Gun crime has plunged in the United States since its peak in the middle of the 1990s, including gun killings, assaults, robberies and other crimes, two new studies of government data show.
Yet few Americans are aware of the dramatic drop, and more than half believe gun crime has risen, according to a newly released survey by the Pew Research Center.
In less than two decades, the gun murder rate has been nearly cut in half. Other gun crimes fell even more sharply, paralleling a broader drop in violent crimes committed with or without guns. Violent crime dropped steeply during the 1990s and has fallen less dramatically since the turn of the millennium.
The number of gun killings dropped 39% between 1993 and 2011, the Bureau of Justice Statistics reported in a separate report released Tuesday. Gun crimes that weren’t fatal fell by 69%. However, guns still remain the most common murder weapon in the United States, the report noted. Between 1993 and 2011, more than two out of three murders in the U.S. were carried out with guns, the Bureau of Justice Statistics found.
The bureau also looked into non-fatal violent crimes. Few victims of such crimes -- less than 1% -- reported using a firearm to defend themselves.
Despite the remarkable drop in gun crime, only 12% of Americans surveyed said gun crime had declined compared with two decades ago, according to Pew, which surveyed more than 900 adults this spring. Twenty-six percent said it had stayed the same, and 56% thought it had increased.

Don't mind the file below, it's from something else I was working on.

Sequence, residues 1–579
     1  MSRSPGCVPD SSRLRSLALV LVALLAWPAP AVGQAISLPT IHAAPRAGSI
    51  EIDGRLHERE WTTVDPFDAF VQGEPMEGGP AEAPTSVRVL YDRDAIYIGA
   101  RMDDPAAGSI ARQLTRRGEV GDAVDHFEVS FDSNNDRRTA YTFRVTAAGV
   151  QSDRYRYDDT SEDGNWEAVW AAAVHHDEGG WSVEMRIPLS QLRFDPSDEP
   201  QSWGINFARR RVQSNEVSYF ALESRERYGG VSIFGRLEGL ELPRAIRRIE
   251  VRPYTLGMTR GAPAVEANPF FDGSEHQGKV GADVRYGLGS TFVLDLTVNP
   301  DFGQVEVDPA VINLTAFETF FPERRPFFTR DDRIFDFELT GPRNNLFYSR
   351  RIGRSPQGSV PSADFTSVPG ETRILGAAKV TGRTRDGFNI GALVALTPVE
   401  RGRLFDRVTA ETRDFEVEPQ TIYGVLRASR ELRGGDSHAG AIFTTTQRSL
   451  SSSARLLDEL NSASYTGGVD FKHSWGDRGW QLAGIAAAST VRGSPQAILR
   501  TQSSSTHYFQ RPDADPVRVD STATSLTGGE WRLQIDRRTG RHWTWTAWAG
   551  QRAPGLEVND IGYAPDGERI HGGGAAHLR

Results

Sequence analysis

Americans overwhelmingly say the nation’s immigration policy is in need of sweeping changes. Overall, 75% say immigration policy needs at least major changes, with 35% saying it needs to be “completely rebuilt”—among the highest of seven policy areas tested.
Yet the broad public agreement that immigration policy should be revamped is not matched by consensus on how to deal with illegal and legal immigration.
The latest national survey by the Pew Research Center, conducted May 1-5 among 1,504 adults, finds that 73% say there should be a way for illegal immigrants already in the United States who meet certain requirements to stay here. But fewer than half (44%) favor allowing those here illegally to apply for U.S. citizenship, while 25% think permanent legal status is more appropriate.
Few Americans want the U.S. military to get involved in the conflict in Syria, even those who think Syria has used chemical weapons against its people, according to a new HuffPost/YouGov poll.
Only 5 percent of respondents said they would support sending ground troops to Syria, while 68 percent said they were opposed. And support for the military providing weapons to rebel fighters was only barely higher: respondents opposed doing so 51 percent to 12 percent. Conducting air strikes saw 49 percent opposed to 16 percent in favor. Opposition to each type of intervention crossed party lines, with Democrats, Republicans and independents largely in agreement that the U.S. should not intervene.